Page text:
Expert calls for cultural values in school curriculum

A culture expert, Otunba Adeola Segun, has said that the reintroduction of cultural values in Nigeria’s school curriculum is necessary to check the decline in cultural values.

Segun on Monday in Abuja that schools should be the best forum to reclaim cultural values.

“This is because in the process of growing up our children spend more time in school than at home with parents who are chasing career and money.

“Most parents have lost touch with our cultural values; they find it difficult to inculcate such values in their children.

“And again, parents these days are not always at home, they concentrate on chasing money and career forgetting the fact children need their presence to learn many values,’’ he said.

He urged parents to bring up children to be abreast with their cultural values and avoid their being replaced by foreign cultures.

“We have agencies like National Institute for Cultural Orientation that is doing a lot on culture and values; we need to do more from conventional educational institutions.’’

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Segun said Nigeria started losing its values many years ago under the colonial administration.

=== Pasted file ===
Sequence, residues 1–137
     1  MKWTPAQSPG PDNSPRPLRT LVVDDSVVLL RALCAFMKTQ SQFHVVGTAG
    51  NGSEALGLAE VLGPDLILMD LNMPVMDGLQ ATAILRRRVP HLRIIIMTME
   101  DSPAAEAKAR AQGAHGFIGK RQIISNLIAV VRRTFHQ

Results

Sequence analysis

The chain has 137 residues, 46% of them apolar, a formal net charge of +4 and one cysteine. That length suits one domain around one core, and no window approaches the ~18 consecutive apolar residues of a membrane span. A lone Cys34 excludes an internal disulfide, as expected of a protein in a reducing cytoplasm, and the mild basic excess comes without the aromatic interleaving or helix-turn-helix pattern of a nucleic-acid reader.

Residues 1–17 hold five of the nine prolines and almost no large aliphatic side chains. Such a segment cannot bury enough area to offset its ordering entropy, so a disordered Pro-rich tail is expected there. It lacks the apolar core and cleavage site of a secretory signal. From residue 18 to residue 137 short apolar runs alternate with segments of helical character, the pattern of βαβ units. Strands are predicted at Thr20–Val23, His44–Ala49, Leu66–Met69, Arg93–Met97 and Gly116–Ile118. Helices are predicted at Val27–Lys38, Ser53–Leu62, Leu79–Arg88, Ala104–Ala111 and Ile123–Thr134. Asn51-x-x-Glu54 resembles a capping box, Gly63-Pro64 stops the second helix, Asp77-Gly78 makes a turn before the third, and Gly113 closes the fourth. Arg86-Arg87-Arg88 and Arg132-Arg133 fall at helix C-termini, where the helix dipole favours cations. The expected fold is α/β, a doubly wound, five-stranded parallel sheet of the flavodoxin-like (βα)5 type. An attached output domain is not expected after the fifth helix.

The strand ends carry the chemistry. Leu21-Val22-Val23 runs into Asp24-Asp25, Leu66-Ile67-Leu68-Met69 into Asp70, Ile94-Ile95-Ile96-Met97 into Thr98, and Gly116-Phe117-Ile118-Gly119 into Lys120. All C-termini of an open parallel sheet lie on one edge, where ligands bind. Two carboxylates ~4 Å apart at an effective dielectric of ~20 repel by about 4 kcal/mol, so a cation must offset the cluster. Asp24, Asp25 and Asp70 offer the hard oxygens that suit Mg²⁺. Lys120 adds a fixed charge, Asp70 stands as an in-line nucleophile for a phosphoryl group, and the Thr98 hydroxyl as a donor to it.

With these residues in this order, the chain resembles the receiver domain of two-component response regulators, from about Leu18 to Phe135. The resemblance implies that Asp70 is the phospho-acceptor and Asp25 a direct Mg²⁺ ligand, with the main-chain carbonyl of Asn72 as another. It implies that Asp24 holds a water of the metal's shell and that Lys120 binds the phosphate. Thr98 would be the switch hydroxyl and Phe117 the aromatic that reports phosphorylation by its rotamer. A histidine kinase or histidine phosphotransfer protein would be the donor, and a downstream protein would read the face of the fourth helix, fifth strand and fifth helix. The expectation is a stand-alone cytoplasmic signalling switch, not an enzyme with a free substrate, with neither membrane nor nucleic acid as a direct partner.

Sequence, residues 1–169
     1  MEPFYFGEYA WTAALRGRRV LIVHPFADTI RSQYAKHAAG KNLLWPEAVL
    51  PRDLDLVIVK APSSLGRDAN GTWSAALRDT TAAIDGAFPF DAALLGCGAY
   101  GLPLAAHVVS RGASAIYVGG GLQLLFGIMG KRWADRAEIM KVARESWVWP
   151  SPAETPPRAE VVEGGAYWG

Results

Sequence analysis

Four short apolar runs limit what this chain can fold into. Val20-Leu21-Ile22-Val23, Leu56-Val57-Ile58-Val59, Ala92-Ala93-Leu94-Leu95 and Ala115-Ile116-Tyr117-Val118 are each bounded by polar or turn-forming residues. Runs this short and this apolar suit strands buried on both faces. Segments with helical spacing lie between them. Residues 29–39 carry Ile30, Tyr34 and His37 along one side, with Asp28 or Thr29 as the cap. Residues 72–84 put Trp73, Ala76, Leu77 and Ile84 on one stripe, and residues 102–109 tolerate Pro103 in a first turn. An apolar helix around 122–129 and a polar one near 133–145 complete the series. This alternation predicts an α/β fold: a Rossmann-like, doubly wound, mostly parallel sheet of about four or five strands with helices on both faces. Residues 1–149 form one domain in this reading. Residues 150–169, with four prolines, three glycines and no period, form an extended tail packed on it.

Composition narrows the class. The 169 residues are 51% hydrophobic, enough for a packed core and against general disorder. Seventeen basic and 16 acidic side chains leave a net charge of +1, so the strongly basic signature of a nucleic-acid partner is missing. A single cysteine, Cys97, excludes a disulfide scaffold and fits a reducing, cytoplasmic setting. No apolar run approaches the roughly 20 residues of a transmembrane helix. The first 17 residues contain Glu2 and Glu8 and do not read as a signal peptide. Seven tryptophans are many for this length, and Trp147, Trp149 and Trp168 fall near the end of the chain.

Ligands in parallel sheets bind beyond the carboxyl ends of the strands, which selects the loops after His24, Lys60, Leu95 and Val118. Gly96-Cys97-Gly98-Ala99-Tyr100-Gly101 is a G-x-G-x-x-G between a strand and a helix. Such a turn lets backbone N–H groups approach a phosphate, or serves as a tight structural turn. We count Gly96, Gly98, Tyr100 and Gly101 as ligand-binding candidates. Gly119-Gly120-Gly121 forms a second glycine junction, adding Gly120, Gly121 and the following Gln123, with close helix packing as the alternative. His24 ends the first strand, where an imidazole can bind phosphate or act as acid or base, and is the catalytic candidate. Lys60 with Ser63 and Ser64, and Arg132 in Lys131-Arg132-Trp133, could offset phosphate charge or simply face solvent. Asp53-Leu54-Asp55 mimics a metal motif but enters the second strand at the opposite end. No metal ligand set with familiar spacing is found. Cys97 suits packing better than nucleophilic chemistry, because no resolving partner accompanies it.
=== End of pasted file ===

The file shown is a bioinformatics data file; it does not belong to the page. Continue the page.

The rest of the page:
He said the British Government expanded its administration and culture to all parts of the country and as a result, ‘’the cultural values of our people began to go down.

“In the UK, they have the English Language as key but we abandon our Hausa, Igbo and Yoruba languages, and use English instead.

“From that alone, you can see that our formal educational structure has also aligned with the British and that has played down on our values.

“If I have a reason to eat food and decide to use the calabash to eat or drink, I am sure everybody here will be scared.

“And this will generate different interpretations; the way and manner we interpret that Calabash will be different from what it is used for.

“Calabash or clay pot is a local bowl used by our fore parents as plate or cup to eat and drink.

“That changed from a belief that has permeated through all of us,’’ he said.

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Segun said that very few people who were still upholding those values found it difficult to use the calabash or clay pot to eat or drink.

He added that such people would not want to be associated with such wrong interpretations and as such the values died.

‘’When you enter the Queen’s kingdom, in the UK, you see some men wearing skirts in the palace.

“That is their culture; that is how they have been maintaining it even with their social development.

“What exactly is wrong if we can maintain our values and culture?’’ Segun asked.

Segun urged Nigerians to encourage one another to enable ‘’our children to begin to see things differently.

“I want to believe that even if not in our own generation, the trend will change such that we will have more consciousness as regards maintaining our cultural values.’’

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